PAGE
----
Privacy, at its core, is about control. Controlling what you see, hear, or even the kinds of information that is accessible to you. In architectural design, creating privacy involves structuring a space in such a way that it either encourages, or discourages, control over these factors by both the individual and the groups they’re a part of.
The ultimate goal of any space is to best serve the needs of those who will be in that space. With that in mind, architects - especially those of office buildings - are faced with the tricky, yet necessary, job of finding ways to design a space that is both conducive to communal cooperation and individual privacy.
With that in mind, here are some basic features to pay attention in your architectural designs that can help you structure a space that allows for privacy.
Artificial and natural light can play a large role in determining the privacy felt within a given space. This doesn’t necessarily mean that the space needs to be dimly lit, but rather, depends on the kinds of light and the ways in which they’re utilized.
One way to help facilitate natural light and privacy is by implementing window film in your interiors. Options like LINTEC of America’s VisionControlFilm go beyond the traditional privacy window treatments and can provide a dynamic opacity that changes depending on the angle you view the glass from. As your point of view changes, so does the opacity of the window, meaning that certain angles will be completely transparent while others will appear to be completely frosted.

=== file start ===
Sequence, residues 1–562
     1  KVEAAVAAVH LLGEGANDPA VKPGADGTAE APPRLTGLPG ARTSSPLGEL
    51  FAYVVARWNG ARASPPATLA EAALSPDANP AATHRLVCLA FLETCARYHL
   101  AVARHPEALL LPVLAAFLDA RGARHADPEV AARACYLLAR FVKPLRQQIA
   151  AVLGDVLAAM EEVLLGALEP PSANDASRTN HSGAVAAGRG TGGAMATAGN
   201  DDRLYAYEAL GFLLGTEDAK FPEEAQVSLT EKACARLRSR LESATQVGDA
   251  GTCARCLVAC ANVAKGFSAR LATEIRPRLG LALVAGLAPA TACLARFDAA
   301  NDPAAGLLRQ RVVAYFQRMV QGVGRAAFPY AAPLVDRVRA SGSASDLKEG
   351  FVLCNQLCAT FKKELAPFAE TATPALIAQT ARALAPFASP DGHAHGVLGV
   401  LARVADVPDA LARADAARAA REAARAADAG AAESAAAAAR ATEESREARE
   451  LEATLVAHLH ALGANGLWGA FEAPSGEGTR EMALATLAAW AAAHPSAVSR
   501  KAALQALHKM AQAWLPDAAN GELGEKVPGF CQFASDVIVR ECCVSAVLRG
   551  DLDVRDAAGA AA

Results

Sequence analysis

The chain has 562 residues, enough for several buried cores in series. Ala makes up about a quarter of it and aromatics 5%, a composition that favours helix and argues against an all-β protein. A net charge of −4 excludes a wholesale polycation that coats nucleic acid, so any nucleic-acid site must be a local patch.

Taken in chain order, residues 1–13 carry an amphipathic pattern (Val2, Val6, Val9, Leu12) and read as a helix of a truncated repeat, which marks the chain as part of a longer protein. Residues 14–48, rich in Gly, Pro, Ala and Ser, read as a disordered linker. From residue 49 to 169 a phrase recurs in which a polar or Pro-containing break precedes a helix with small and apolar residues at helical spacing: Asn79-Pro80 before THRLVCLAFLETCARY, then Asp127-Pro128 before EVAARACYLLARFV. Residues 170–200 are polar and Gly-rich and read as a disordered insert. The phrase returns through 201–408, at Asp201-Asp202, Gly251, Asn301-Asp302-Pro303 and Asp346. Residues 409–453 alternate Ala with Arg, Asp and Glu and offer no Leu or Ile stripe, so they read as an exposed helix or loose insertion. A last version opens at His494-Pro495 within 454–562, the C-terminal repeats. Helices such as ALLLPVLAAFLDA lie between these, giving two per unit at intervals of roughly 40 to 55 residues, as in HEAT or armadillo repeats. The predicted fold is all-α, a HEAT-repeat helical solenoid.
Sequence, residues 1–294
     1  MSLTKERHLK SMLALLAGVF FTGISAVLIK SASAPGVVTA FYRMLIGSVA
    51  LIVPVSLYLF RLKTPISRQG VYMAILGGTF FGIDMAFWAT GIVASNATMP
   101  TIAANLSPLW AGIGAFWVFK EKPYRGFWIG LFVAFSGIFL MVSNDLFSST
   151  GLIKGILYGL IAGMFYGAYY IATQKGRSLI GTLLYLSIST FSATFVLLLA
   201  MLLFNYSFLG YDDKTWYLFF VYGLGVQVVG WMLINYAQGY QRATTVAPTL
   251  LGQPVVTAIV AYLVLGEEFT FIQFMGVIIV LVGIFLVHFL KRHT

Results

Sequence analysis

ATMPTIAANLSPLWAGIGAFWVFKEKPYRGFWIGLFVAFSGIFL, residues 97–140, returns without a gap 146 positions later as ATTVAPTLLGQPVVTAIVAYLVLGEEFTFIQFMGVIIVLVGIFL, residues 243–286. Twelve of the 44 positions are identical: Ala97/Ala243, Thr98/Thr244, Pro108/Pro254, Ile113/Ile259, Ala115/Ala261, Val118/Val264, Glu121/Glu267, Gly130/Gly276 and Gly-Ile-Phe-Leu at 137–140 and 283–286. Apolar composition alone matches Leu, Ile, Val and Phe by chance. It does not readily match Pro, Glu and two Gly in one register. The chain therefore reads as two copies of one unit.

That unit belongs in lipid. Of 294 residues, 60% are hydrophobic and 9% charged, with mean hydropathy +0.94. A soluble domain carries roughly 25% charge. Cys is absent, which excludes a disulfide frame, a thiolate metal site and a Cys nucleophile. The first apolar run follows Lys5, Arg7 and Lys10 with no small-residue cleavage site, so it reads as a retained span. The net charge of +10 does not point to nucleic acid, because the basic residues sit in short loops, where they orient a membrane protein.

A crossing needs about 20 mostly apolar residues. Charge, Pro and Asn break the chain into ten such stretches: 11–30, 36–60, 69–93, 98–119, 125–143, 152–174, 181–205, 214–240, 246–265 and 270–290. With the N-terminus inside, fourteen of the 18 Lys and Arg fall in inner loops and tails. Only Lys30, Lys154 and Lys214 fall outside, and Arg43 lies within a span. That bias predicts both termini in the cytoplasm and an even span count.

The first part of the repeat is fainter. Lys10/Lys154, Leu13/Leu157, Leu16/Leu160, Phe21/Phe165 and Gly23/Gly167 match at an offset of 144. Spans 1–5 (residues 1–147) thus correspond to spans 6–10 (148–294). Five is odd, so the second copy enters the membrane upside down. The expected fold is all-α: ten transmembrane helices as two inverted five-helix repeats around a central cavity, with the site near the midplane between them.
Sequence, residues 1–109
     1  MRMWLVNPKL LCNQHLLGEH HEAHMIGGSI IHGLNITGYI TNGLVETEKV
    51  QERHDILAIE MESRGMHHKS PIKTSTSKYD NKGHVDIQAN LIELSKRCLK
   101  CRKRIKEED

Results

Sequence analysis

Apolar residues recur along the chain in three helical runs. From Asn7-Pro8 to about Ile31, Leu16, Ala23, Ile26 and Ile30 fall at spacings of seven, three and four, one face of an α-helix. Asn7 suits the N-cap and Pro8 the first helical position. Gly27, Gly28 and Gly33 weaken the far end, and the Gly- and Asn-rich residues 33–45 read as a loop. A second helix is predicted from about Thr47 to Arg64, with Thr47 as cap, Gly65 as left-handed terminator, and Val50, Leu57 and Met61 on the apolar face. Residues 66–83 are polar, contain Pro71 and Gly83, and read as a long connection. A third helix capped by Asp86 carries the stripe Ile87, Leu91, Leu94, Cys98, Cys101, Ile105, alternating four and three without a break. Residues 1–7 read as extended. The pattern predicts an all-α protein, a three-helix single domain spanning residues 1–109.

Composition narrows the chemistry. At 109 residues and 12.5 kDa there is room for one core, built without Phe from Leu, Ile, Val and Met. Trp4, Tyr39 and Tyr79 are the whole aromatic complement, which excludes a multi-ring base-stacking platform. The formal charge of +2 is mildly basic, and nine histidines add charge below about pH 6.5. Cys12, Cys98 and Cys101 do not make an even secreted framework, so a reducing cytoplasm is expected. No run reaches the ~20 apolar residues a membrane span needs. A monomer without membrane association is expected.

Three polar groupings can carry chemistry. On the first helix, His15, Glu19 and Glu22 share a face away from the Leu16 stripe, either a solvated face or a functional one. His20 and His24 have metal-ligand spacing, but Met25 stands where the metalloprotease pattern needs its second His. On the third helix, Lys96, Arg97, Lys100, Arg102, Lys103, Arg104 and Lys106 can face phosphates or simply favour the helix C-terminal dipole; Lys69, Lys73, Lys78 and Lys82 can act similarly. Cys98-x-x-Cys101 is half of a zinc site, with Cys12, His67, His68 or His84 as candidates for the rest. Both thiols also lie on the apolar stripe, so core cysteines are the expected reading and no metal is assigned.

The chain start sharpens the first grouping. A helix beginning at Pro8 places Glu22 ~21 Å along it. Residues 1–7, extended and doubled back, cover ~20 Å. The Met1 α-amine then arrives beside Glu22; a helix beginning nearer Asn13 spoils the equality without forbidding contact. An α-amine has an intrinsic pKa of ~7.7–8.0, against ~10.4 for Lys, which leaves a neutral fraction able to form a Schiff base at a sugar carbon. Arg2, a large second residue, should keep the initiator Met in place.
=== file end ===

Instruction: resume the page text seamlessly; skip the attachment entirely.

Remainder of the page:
What this creates is a situation where interior glass in your office building can simultaneously filter in natural light - which is known to increase people’s mood - and create a sense of personal window privacy.
A good layout is another significant way you can design a space that’s conducive to both communal and private spaces. With the concept of the ‘open-office’ continuing to reign in most business settings, finding those private spaces can be especially relevant and necessary, and it’s the job of the architect to design an environment that allows for that.
Thankfully, this doesn’t have to be as challenging as it sounds. Most office environments want an open floor plan, so the architect doesn’t necessarily have to structure a built-in private space. Instead, they should keep the idea of privacy in mind as they design, and instead of sectioning off specific areas, make room for customization options.
This way, the architect designs a space that can be outfitted in ways that fit the unique needs of each individual business. With specific furniture options and layout segmentation, each office can create a communal space that, while retaining its sense of community, still allows for the possibility of private areas.
In the end, the more customizable you can make a space, the better off that space will be. Architects can’t predict for every possible use of the space they design, but what they can do is empower the individual to outfit their space in the best possible way for their unique needs.